How the Active Curve Tilting Feature of the S-Class Coupe WorksGiancarlo Perlas February 16, 2014
Car fans around the globe are definitely excited about the big event in Geneva next month. Car portals worldwide are all talking about the vehicles which are expected to be highlighted in the 2014 Geneva Motor Show. One of the heavily anticipated in the prestigious event is the 2015 Mercedes S-Class Coupe.
We have already talked about the specs of the new Mercedes S-Class Coupe plus we have released photos and videos of the car previously. But one thing we haven’t talked about yet is the Active Curve Tilting feature which will debut together with the S-Class Coupe. So, we tried to research about it and here’s what we have found out.
According to an article in JD Power, the Active Curve Tilting technology is designed to counter the effects of centrifugal force when turning into corners. It angles the car into curves providing an additional 2.5 degrees of roll toward the inside of the turn in order to lessen the lateral acceleration experienced by the driver and passengers of the car. The feature works together with the Active Body Control (ABC) suspension to make sure that the occupants of the car are comfortably seated even when the car is going around a curve on the road.
For the sake of a simpler explanation, picture a motorcycle racer who is going into a bend. You will notice that when such instance occurs, the driver shifts his body opposite the inclination of the motorcycle to maintain his balance and prevent the motorcycle from careering out of the track. That’s what exactly the Active Curve Tilting function of the S-Class Coupe does. But instead of providing an enhanced balance to the car, the feature is designed to provide convenience or better driving experience to its occupants. As Mercedes has put it, the technology aims to “provide greater driving pleasure and comfort to customers.”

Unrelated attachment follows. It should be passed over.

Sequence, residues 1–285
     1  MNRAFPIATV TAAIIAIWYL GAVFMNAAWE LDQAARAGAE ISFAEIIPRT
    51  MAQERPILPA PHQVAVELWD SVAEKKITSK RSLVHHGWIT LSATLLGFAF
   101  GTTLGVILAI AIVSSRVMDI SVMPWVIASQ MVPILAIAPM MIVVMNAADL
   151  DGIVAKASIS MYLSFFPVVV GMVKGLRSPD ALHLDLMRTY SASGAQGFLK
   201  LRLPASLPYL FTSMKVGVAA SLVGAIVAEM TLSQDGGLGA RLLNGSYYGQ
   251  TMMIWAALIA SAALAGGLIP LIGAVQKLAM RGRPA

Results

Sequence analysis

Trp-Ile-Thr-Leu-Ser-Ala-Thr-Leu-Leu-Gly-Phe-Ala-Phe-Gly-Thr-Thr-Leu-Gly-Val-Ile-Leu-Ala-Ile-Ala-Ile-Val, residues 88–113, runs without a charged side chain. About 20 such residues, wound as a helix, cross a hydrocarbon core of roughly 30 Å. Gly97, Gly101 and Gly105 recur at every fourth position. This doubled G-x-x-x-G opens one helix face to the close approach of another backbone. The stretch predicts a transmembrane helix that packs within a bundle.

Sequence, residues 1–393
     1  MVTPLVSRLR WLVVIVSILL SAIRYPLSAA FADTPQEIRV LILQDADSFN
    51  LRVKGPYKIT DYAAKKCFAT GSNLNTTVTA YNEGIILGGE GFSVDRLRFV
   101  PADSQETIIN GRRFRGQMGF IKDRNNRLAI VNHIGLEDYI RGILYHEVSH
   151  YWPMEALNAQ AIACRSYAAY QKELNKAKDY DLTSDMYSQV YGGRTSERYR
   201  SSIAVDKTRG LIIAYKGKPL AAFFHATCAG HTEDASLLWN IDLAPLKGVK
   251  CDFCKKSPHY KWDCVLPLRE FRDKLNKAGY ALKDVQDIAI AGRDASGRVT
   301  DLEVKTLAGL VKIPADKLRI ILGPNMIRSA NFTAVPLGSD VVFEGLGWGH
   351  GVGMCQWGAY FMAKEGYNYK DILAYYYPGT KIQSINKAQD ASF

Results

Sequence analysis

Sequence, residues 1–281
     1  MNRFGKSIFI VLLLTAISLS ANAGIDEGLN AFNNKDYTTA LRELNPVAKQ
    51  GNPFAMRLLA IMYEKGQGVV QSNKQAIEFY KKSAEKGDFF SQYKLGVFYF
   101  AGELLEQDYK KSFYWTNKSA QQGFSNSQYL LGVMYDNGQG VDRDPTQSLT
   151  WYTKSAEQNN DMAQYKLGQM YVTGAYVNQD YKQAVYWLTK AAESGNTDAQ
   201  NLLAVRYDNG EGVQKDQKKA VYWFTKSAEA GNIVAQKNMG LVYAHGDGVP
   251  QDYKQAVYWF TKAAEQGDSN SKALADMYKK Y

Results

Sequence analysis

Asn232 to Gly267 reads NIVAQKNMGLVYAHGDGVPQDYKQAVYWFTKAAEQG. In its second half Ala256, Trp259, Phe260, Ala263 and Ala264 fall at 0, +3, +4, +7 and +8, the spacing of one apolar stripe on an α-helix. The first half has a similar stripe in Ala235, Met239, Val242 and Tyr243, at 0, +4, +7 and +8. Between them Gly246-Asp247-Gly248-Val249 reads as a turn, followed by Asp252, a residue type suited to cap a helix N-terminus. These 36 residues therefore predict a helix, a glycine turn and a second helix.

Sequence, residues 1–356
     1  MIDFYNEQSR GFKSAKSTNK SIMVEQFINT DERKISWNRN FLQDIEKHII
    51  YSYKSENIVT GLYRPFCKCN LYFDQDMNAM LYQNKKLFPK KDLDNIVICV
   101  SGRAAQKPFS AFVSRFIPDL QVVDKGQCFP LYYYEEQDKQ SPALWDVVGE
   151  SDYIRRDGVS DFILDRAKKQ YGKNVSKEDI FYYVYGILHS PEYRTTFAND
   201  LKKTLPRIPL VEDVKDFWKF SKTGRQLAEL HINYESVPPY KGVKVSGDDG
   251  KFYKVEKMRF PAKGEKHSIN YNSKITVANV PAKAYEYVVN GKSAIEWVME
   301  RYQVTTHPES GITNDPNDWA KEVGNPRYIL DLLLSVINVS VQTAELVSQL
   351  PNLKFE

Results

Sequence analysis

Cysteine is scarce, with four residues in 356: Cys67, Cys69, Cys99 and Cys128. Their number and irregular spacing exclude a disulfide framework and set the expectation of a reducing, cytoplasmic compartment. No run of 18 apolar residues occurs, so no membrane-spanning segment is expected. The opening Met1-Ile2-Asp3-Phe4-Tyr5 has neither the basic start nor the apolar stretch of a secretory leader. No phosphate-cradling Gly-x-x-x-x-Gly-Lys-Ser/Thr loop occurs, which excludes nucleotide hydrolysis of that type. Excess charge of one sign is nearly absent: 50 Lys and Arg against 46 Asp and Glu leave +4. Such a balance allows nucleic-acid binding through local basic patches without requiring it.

The Active Curve Tilting feature can be activated from the ABC menu of the 2015 Mercedes S-Class Coupe. It functions at speeds between 30 kmph to 180 kmph.
Based on a related article from Overdrive, the hydraulic cylinders dubbed as “plungers” are responsible in adjusting the force in each strut of the vehicle whenever it detects a turn up on the road. The stereo camera mounted behind the windshield of the car is capable of monitoring a curve up to 49 feet away.
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